At the beginning of the last century, Grulee and Sanford suspected a link between HM substitute feeding and a higher incidence of eczema [35]. Since then many prospective and retrospective observational studies have tested breastfeeding associations with the onset of allergic disease, providing mixed results for eczema [19,20,21,36,37,38,39,40,41,42,43,44,45,46,47,48,49] sensitisation [21,37,42,46,47,48,49,50,51,52,53,54,55,56,57,58] and asthma [19,20,21,36,42,47,48,59,60,61,62,63,64,65,66]. Messages culminating from these studies range from a protective effect of breastfeeding [67], to a higher risk of atopy [68], or no significant effect [69]. Despite the conflicting evidence, several clinical societies have made recommendations regarding the duration and type of breastfeeding. As mentioned above, the WHO recommends exclusive breast feeding for at least 6 months in all infants with continued breastfeeding up to 2 years or longer if a mother wishes to do so [30].
The first efforts to systematically review existing evidence on breastfeeding associations with the selected eczema [70] and asthma [71], were made by Gdalevich and Mimouni two decades ago. Later, additional systematic reviews and meta-analyses were undertaken, assessing worldwide evidence [26,72,73], or focusing on data from developed countries [74]. The main challenge in the meta-analyses of these data was significant heterogeneity in the definitions of breastfeeding, which are not always consistent with WHO recommendations, and in phenotyping of for health outcomes. In the most recent systematic review which was published just two years ago [75], Lodge and colleagues reported on 4 different definitions of eczema, food allergy and asthma, and 3 definitions of allergic rhinitis used across studies [75], with differing breastfeeding exclusiveness and duration creating even more uncertainty.
Assessment of breastfeeding’s potential to prevent allergic disease in observational studies is not an easy task as several factors, such as socioeconomic status, positive allergy family history, early exposure to pets and timing of solid food introduction, alongside variations in HM composition, are all sources of bias. Prospective randomised studies are needed to provide solid evidence of causal relationships, however such studies would be unethical. The sole large randomized controlled trial used an innovative approach in a country with a very low breast feeding rate and investigators randomised mothers to a breast feeding promotion group or continued standard practice. The intervention significantly increased breast feeding rates and facilitated evaluation of the breastfeeding associations with health outcomes in Belarus [76]. There was a reduced risk of early eczema (Odds Ratio (OR) 0.54, 95% CI 0.31–0.95) with breastfeeding but no long-term protection against eczema, allergic rhinitis and asthma at 6.5 years of age, despite the long duration and exclusivity of breastfeeding observed in this trial [77]. However, the extent to which WHO recommendations delayed introduction of non-milk food sources at a critical period where tolerance induction may be important to prevent allergy is uncertain [78].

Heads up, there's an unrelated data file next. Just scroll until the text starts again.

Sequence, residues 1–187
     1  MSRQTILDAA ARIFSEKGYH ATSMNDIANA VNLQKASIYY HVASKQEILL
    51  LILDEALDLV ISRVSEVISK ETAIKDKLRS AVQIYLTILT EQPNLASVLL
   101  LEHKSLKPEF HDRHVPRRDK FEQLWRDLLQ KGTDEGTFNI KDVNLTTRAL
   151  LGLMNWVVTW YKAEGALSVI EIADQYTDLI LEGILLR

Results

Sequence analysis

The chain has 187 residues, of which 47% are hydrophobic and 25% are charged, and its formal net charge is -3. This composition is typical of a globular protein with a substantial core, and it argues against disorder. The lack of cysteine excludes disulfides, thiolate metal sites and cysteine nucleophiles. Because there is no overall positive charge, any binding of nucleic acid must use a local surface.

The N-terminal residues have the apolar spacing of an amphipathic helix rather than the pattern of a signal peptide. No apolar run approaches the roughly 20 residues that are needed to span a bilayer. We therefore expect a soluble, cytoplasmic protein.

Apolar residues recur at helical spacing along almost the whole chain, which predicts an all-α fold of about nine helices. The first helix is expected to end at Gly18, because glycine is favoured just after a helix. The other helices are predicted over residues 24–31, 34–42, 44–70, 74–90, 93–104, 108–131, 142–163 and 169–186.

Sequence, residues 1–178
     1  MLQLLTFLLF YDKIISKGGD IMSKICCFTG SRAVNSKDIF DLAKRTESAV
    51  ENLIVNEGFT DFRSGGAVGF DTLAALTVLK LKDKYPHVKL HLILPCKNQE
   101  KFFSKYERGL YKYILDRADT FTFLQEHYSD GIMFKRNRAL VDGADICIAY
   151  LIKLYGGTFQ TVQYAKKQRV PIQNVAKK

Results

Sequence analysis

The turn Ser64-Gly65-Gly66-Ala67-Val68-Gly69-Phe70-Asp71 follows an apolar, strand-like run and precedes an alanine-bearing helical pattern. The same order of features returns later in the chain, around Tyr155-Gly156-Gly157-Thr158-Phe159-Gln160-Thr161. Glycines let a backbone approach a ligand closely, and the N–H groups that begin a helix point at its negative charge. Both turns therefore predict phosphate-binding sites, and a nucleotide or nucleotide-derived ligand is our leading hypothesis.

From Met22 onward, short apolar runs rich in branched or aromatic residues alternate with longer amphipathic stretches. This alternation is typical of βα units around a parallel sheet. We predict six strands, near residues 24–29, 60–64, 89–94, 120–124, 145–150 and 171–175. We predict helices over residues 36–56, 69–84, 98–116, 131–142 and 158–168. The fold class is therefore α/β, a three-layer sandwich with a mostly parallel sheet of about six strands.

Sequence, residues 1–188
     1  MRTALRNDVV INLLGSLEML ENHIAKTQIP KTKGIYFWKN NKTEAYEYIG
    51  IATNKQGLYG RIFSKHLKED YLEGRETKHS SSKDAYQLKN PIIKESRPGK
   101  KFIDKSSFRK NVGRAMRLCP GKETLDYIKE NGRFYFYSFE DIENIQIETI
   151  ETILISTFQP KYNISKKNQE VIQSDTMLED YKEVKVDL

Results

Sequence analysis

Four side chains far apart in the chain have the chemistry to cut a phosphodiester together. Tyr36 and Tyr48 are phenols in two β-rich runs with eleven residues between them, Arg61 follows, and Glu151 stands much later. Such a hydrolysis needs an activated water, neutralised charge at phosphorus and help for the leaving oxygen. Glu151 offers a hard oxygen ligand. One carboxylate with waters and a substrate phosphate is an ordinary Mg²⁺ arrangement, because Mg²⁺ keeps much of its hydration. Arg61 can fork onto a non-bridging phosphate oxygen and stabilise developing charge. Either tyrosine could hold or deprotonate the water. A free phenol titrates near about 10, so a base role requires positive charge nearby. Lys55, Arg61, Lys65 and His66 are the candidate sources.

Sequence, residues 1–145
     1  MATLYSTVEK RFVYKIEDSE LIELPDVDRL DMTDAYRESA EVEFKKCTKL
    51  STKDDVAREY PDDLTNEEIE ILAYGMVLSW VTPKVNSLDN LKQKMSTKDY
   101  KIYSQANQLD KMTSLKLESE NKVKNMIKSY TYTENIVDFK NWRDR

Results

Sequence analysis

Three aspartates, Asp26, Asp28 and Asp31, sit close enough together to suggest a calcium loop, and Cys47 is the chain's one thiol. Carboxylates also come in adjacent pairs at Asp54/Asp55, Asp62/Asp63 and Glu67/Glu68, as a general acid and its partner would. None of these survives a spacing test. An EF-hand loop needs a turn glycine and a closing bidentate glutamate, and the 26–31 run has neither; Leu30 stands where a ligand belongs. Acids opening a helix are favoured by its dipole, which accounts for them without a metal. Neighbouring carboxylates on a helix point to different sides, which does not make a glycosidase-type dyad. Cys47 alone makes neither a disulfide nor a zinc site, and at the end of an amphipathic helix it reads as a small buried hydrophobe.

2.2.1. Eczema

Most of the studies assessing breastfeeding impact on eczema development come from the cross-sectional studies or birth cohorts. The major weakness of collected data is related to a long retrospective recall period and lack of adjustment for potential confounding factors, such as allergy family history [75]. Authors of The International Study of Asthma and Allergies in Childhood (ISAAC), a large observational study assessing more than two hundred thousand children worldwide, failed to find evidence of a breastfeeding protective effect on eczema development at 6–7 years of age (OR 1.05, 95% CI 0.97–1.12), but reported some protection against severe eczema (OR 0.79, 95% CI 0.66–0.95) [79]. Outcomes of a systematic review and meta-analysis, covering literature up to 2014, suggested that children below 2 years of age who were exclusively breastfed for more than 3–4 months were are at lower risk (OR 0.74, 95% CI 0.57–0.97) of eczema development; however, this protective effect was no longer evident after the age of 2 (OR 1.07, 95% CI 0.98–1.16) [75]. The authors highlighted a potential high risk of bias from smaller studies showing more significant protective effects.

2.2.2. Food Allergy